Wednesday, April 23, 2014

Area natives revive Civil War, set for book signing event

By PAT VINING, Special to The Ottawa Herald | 12/9/2013

RICMOND — Though separated by 25 years when they were at Central Heights schools and then Pittsburg State University, Franklin County natives Todd Mildfelt’s and Pamela Peters’ recently published books have much in common.

A book signing for Mildfelt and Peters is planned for 3 p.m. to 6 p.m. Saturday at the Richmond Community Museum, 119 E. Central Ave., Richmond. Visitors are encouraged to learn more about the authors’ works — “Almost to Freedom” by Mildfelt and “The War Within” by Peters — as well as the museum’s local artifacts and albums that show Richmond’s history, event organizers said.

RICMOND — Though separated by 25 years when they were at Central Heights schools and then Pittsburg State University, Franklin County natives Todd Mildfelt’s and Pamela Peters’ recently published books have much in common.

A book signing for Mildfelt and Peters is planned for 3 p.m. to 6 p.m. Saturday at the Richmond Community Museum, 119 E. Central Ave., Richmond. Visitors are encouraged to learn more about the authors’ works — “Almost to Freedom” by Mildfelt and “The War Within” by Peters — as well as the museum’s local artifacts and albums that show Richmond’s history, event organizers said.

Both books’ stories are set in the Civil War era, but that’s where the similarities end.

“Almost to Freedom” tells the tale of a true incident along the Underground Railroad in the Berea community of southeastern Franklin County in the winter of 1858-59. Eleven fugitive slaves are hidden by friends of abolitionist John Brown, but their presence is discovered by young Billy Samuels who has to decide if he is going to help them or allow them to be recaptured.

The book, and Mildfelt’s previous work, “Wagon Train to Freedom,” are written for children ages 10 to 12, but also are appropriate for adults.

The follow-up take was satisfying, Mildfelt said, because it comes full circle for him emotionally.

“I wrote a research paper about this Underground Railroad event in the Berea area when I was in college, and my grandparents, Alfred and Naomi Sigler, helped me with research and were actively supportive,” he said.

“As I learned more and more, the story kept growing, and led me to believe I could do a series of books for young readers,” Mildfelt, a special education teacher, continued.

Although his first published book, “The Secret Danites: Kansas’ First Jayhawkers,” was for adults, his next two are children’s books, he said, and he has plans for more books to be written for both youth and adult reading levels.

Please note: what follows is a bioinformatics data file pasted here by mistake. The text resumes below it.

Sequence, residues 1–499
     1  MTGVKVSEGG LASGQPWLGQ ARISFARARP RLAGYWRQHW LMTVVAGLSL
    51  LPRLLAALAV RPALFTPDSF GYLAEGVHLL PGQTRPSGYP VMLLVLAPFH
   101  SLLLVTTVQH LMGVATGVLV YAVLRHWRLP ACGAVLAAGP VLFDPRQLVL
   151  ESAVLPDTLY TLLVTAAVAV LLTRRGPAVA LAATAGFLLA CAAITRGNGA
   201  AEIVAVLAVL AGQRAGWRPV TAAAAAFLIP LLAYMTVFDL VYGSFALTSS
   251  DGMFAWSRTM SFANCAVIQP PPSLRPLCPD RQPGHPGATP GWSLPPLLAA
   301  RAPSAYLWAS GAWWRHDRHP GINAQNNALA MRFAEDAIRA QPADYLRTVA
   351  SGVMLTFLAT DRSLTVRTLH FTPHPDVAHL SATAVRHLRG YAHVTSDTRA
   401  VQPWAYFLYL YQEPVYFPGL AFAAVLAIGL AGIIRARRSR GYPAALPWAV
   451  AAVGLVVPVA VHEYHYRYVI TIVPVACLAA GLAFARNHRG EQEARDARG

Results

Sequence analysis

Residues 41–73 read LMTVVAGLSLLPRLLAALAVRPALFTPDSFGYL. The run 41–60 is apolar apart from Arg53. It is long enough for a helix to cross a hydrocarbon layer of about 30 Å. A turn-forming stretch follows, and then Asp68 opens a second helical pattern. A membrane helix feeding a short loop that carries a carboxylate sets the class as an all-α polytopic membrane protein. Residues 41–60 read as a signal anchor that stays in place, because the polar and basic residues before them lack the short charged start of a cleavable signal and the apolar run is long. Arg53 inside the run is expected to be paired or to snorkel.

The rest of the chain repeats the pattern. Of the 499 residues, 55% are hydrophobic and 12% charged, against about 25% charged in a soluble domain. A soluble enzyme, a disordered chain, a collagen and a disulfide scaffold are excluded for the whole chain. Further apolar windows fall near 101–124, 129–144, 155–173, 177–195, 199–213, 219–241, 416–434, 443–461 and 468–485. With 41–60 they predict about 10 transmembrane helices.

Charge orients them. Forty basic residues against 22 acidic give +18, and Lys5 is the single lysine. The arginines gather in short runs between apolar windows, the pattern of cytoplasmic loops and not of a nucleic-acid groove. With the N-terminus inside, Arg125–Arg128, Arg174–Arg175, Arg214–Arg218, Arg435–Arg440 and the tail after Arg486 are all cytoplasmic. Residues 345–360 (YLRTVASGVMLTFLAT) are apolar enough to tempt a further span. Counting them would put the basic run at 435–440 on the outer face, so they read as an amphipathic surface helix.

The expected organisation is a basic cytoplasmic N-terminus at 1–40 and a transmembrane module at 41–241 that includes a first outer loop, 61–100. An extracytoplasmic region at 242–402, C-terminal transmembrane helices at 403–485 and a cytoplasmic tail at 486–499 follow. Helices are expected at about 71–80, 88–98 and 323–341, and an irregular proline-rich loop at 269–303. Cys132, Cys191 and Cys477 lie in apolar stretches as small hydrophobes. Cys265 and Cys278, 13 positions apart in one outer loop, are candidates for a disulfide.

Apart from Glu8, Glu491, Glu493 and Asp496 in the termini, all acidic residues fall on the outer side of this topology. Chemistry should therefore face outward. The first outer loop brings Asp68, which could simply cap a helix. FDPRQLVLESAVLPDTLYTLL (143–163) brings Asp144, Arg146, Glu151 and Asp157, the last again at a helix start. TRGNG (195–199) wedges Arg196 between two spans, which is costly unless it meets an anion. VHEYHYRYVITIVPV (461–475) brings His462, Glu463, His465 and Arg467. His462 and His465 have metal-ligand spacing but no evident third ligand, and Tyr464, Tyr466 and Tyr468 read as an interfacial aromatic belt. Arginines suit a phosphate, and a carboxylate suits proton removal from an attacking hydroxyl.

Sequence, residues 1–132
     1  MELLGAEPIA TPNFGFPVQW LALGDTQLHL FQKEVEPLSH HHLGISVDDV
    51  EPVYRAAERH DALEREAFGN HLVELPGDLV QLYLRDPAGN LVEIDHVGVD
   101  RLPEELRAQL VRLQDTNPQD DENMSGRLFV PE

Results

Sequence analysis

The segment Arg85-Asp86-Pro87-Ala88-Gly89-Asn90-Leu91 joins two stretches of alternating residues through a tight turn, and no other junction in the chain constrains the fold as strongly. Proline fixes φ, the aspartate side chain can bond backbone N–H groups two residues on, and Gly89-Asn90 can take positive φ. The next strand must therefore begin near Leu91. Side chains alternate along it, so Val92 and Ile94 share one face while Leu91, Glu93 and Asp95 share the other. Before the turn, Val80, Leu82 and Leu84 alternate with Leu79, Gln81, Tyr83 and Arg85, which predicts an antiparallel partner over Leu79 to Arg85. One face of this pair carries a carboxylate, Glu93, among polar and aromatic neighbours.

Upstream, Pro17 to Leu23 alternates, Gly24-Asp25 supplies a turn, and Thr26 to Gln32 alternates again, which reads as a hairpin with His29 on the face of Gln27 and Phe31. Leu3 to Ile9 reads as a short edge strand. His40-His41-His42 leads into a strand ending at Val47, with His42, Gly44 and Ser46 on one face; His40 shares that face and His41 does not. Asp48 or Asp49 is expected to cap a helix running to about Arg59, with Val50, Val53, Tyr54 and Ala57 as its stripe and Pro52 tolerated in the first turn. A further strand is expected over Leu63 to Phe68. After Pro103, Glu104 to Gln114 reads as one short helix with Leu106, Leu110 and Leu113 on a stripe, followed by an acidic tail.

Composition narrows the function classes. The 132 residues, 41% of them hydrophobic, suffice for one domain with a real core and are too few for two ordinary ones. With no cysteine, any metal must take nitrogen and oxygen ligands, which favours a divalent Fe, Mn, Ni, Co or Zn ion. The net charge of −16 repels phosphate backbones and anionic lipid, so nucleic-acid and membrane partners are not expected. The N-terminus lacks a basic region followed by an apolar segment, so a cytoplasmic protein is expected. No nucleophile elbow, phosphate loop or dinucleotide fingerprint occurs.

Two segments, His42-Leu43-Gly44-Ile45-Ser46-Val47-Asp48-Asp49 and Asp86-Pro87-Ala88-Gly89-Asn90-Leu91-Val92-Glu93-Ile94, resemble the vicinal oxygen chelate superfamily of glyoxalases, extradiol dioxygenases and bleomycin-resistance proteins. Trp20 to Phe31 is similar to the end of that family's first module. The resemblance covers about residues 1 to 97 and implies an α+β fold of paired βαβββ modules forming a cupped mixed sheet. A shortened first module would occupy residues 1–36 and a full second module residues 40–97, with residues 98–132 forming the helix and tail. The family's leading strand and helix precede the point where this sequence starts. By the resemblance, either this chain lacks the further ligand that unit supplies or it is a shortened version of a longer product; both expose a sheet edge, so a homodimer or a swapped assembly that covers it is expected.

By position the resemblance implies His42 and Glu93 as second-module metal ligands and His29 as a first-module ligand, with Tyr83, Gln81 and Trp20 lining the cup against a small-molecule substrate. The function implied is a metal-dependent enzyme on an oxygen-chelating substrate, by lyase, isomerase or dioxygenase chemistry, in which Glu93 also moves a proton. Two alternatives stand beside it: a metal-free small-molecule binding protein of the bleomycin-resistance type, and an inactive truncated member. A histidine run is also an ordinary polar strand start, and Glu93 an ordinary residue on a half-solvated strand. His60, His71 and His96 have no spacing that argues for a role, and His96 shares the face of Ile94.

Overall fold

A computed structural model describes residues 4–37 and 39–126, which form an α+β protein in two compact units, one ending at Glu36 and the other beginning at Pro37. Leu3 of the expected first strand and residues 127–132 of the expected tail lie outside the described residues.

Mildfelt credits his mother, Dorothy DuVall, an elementary teacher for 37 years, for encouraging him to read extensively and to write what he felt, he said. Later, a college instructor and his adviser, Dr. Dudley Cornish at Pittsburg State University, challenged him to do careful and analytical research that has provided necessary factual information.

Mildfelt and David Schafer, also of Richmond and another former Central Heights and Pittsburg student, now are working on a biography of Col. James Montgomery of Civil War fame.

Peters also was an avid reader since her elementary school years, and continues to read widely as part of her work as a third-year instructor of mass communication at Lane College in Jackson, Tenn. Like Mildfelt, she has bachelor’s and master’s degrees from Pittsburg State University.

“The War Within” is the fictional story of a man who has to rediscover himself by facing the demons that haunt him following his Civil War experiences. It focuses on the psychological challenges soldiers can face when they have to adapt to life after war combat.

The young author said it was five years between her initial thoughts about the topic to the book’s publication. She first wrote parts of what eventually became the story when writing for a historical documentary in graduate school.  

“My father, Dennis Peters, introduced me to the love of history,” she said. “Then, I was very much inspired by my grandfather, Loyd Peters, when I began to learn about his years in the Navy. Later, he pushed me to write and be published, and all my family have been very supportive.”

Some of Peters’ earliest motivation for the story came from interviewing her grandfather’s World War II Navy shipmates, which she did when she accompanied him to ship reunions. The interviews resulted in a video-documentary, “The USS Dunlap: Recollections of Those Who Served,” which can be viewed at the Richmond Museum.

Civil War battlefields and sites have been favorite places for Peters to visit for years, she said, and now that she’s living in Tennessee during the school year, she has the opportunity to visit more of them and gain much from the experience. She often includes these feelings in her writing.

Peters is working on a sequel to “The War Within,” and in a few months plans to release her first photography book, “Photographing Kenya’s Backyard,” which will be published by her other business, Wild Radiance Photography.

“My purpose is to make people more aware of our world and our history so they learn to respect everything about it,” she said.

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